World Forest Maps Aim to Help REDD Carbon Trading

by Matt Ball on February 28, 2008

There’s great hope among policy makers, conservationists and scientists that the UN and World Bank-backed mechanism for reducing emissions from deforestation and degradation (REDD) will bring funds to tropical countries and preserve rainforests while helping the local populations dig out of poverty. A barrier to this initiative to date has been the lack of maps and forestry assessments in order to set a baseline for deforestation rates.

Now the Advanced Land Observation Satellite (ALOS) from JAXA (Japan Aerospace Exploration Agency) is poised to help, with three sensors: an optical sensor, a multi-spectral sensor with visible and infrared bands; a stereo mapper for generation of high resolution elevation models and topographic information. This new sensor is able to cut through the ever-present clouds in rainforests to assess forest cover and establish a baseline for REDD.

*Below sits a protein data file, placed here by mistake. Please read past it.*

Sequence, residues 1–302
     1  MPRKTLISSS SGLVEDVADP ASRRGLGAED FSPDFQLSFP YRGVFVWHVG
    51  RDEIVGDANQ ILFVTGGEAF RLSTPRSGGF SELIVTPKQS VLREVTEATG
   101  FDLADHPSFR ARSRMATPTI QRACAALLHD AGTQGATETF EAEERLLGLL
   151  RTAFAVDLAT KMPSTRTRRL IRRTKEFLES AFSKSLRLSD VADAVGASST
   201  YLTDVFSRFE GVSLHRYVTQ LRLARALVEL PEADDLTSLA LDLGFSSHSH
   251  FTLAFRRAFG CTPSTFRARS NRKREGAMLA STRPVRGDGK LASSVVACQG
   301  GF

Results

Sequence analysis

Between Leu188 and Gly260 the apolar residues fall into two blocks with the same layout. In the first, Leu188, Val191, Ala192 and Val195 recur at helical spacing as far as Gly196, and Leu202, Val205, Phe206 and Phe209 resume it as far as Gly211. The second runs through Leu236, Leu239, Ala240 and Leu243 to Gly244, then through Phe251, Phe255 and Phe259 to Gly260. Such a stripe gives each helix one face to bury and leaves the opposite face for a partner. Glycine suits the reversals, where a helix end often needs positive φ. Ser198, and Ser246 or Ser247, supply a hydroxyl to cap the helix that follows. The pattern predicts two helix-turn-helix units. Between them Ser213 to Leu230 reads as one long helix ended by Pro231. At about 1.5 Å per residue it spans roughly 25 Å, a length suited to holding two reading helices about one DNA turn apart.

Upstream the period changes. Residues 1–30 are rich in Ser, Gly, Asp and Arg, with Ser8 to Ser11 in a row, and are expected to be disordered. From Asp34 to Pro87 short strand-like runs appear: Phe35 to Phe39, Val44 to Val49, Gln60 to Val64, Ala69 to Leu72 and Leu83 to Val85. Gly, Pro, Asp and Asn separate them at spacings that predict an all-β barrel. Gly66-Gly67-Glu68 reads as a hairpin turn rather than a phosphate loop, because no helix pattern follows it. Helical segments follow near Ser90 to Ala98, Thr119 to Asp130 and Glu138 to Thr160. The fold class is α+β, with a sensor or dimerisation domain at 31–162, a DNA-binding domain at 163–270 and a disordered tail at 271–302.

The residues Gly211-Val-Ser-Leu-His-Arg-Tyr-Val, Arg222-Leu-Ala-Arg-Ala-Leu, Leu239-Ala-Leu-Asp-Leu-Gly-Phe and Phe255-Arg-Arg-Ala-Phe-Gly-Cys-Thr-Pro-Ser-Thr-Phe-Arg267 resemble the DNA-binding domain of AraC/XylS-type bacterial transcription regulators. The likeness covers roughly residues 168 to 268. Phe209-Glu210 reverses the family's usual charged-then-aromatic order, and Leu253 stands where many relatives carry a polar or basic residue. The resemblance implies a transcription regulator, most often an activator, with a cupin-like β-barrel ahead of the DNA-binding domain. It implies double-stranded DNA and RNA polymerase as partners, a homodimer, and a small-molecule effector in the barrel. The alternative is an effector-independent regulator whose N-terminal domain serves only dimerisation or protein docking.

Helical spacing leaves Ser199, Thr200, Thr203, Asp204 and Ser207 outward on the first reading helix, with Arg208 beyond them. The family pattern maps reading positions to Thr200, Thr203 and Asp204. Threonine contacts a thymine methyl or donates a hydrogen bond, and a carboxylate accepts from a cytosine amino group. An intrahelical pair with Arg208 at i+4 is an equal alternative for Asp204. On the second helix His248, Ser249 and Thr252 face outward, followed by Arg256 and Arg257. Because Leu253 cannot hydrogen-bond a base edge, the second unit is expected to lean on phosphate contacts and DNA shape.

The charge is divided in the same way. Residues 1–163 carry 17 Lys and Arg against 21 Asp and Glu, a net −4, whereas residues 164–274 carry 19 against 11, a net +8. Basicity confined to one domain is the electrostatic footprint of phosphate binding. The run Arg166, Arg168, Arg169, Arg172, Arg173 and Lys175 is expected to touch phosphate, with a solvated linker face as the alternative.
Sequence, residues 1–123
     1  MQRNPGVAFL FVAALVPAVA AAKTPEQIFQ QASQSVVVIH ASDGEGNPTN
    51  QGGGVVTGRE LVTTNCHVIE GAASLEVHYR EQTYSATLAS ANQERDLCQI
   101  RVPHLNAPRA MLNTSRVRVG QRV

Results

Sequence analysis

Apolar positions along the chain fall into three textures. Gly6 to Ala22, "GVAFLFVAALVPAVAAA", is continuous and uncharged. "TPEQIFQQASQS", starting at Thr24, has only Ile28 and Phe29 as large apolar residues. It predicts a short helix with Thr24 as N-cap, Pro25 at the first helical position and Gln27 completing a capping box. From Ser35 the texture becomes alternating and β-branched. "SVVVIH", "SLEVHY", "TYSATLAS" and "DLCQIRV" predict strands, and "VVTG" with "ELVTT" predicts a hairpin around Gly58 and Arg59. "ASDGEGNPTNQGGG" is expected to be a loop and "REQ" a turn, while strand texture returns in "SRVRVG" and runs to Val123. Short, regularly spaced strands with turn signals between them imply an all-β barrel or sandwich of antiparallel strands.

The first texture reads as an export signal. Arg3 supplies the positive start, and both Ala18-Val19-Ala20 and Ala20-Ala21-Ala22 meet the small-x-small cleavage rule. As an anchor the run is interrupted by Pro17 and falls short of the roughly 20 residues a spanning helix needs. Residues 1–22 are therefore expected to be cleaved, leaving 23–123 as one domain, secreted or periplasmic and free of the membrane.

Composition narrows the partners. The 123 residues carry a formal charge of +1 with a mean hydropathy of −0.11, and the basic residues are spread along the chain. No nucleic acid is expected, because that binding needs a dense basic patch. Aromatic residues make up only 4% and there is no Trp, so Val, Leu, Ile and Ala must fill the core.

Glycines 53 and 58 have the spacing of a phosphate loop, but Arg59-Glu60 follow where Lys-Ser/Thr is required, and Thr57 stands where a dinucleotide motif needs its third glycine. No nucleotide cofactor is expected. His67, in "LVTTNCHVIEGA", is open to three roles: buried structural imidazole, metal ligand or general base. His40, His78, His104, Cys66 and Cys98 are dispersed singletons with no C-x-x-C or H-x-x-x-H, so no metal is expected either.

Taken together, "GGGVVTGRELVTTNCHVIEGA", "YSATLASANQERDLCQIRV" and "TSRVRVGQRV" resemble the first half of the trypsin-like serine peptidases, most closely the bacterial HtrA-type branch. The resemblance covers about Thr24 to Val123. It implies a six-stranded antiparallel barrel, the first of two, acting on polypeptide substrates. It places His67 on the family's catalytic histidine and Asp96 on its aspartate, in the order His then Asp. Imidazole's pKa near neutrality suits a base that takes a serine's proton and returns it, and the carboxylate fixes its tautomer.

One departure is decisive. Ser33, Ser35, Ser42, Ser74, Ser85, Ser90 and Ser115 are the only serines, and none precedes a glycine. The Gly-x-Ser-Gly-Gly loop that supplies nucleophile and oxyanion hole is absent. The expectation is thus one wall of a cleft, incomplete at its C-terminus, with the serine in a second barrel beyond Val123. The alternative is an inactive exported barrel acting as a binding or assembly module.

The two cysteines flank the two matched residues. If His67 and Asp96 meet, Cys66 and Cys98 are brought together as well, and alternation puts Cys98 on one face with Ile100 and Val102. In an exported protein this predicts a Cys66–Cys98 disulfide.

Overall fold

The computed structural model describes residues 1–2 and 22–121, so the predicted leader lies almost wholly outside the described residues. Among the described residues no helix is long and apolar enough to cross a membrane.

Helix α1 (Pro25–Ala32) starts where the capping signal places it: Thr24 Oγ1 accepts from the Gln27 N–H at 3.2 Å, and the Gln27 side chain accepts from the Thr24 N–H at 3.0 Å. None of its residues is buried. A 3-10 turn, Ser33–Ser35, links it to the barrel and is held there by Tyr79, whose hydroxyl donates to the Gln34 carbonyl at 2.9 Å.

Read more, including an interview with Josef Kellndorfer, in a story on Mongabay.

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